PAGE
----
Nelson Mandela, who passed away today, was one of my very few personal heroes. Through the World Commission on Dams report, his life-long commitment to human rights dignity briefly shone a light on our own modest work.
When I was a young activist in the Swiss anti-apartheid movement, Nelson Mandela’s heroic struggle and sacrifice offered inspiration and determination. Every year we celebrated the birthday of the incarcerated freedom fighter with defiant parties in the heart of Switzerland’s financial center, which sold much of the apartheid state’s gold. In 1990 we undertook a joyful pilgrimage when Nelson Mandela visited Geneva for a meeting with anti-apartheid activists shortly after he was released from prison.
My respect for Madiba (as Mandela was known among his admirers in South Africa) deepened when I had the chance to read his epic autobiography, Long Walk to Freedom, and visit his prison cell on Robben Island. I was captivated by his perseverance through decades of oppression, and appalled by the senseless waste of human talent and hope for his country through 27 years of incarceration. Most of all, I was touched by the personal strength of an activist who managed to uphold his principles when there appeared to be no hope, and who showed magnanimity for his oppressors by refusing to become, as he put it, a “prisoner of hate”.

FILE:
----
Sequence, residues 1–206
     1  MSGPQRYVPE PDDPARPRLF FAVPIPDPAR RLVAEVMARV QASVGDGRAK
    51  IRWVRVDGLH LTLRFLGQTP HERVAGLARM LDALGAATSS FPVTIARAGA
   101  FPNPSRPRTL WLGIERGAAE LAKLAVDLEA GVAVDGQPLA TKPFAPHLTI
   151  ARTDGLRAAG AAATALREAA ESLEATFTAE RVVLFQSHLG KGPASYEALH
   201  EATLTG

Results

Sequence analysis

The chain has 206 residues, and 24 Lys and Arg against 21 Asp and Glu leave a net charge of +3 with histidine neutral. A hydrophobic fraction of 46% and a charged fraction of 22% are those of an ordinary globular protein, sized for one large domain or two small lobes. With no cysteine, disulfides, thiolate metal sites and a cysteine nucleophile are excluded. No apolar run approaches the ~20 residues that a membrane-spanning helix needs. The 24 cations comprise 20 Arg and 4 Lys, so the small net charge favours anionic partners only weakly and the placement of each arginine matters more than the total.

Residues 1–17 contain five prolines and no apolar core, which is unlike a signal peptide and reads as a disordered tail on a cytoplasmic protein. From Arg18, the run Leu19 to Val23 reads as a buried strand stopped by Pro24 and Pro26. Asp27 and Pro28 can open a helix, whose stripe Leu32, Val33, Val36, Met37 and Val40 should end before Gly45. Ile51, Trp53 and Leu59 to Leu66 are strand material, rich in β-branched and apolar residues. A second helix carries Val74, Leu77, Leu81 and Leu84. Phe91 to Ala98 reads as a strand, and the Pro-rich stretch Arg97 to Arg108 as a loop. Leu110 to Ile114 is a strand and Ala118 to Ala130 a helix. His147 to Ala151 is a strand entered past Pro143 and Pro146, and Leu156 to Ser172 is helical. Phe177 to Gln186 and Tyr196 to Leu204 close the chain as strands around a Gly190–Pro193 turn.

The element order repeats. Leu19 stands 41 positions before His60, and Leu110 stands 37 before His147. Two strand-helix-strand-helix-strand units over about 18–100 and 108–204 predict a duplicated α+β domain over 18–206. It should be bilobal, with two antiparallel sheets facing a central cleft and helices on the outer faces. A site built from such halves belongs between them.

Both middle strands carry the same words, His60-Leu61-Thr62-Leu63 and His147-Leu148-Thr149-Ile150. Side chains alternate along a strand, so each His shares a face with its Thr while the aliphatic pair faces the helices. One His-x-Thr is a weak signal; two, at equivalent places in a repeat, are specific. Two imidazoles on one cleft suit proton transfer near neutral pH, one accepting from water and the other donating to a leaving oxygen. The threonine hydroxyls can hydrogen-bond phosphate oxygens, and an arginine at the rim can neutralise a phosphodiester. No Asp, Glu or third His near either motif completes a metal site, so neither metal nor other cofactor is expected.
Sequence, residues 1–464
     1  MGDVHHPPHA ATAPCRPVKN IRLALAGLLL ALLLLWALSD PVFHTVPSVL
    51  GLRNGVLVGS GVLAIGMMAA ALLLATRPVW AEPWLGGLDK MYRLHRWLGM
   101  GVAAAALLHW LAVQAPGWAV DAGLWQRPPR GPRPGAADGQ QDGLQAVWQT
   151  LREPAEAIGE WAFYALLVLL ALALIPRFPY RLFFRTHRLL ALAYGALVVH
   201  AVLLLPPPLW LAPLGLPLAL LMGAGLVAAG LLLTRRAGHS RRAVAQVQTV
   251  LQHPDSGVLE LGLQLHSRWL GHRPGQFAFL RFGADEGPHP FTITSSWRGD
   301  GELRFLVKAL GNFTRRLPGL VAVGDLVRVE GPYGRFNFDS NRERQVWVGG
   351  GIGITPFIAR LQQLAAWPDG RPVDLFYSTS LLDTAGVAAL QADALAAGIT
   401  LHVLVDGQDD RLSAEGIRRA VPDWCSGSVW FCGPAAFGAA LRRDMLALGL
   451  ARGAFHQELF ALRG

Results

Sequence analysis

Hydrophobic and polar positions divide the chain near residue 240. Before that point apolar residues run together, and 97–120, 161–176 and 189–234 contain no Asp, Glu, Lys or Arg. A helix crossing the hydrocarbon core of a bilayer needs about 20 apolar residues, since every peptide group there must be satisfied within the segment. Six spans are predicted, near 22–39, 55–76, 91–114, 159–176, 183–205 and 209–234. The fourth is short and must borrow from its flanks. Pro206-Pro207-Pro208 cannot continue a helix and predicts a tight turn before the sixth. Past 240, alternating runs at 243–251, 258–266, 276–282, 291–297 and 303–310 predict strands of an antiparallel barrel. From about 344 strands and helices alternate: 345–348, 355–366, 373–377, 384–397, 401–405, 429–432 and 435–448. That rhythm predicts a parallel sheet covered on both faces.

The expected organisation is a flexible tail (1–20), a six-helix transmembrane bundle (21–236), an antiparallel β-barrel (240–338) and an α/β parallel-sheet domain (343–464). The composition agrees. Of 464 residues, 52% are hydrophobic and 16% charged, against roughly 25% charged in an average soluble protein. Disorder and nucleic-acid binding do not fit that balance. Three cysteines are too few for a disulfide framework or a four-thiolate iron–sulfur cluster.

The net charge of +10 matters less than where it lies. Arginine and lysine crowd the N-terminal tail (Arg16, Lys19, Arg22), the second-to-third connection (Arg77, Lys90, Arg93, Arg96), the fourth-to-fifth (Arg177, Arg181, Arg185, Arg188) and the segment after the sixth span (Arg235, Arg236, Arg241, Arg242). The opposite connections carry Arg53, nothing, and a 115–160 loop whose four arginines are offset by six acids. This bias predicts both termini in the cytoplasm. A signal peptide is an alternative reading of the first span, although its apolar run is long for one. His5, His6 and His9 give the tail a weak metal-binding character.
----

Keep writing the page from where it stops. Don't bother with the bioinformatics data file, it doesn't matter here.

In November 2000, Nelson Mandela honored the launch of the World Commission on Dams report in London with his presence. The independent Commission had been chaired by South Africa’s former water minister Kader Asmal, and its ground-breaking report espoused the same insistence on human dignity and political inclusion that marked the life-long struggle of the two ANC comrades.
Not by coincidence, the most important contribution of the WCD report to the global dams debate was its focus on the rights of all affected parties. The report states: “[This approach] is based on an understanding that no party’s rights will extinguish another’s. In fact, where rights compete or conflict, negotiations conducted in good faith offer the only process through which various interests can be legitimately reconciled.”
As we celebrated the launch of the WCD report in London, Nelson Mandela, who had by then retired from political life, clearly enjoyed the opportunity of traveling the world in freedom. In his speech, he paid tribute to the Commissioners for their “invaluable guidance” and spoke to “the careful use of our collective life support systems, the rivers entrusted to us as stewards of nature.”
Even if it is only a tiny part of his legacy, I am grateful for the spotlight that Nelson Mandela put on rivers and dams through the WCD report. The freedom fighter has passed away, but his life continues to be a monument to human strength and conviction. Rest in peace, Madiba.
Peter Bosshard is the Policy Director of International Rivers. He tweets at @PeterBosshard.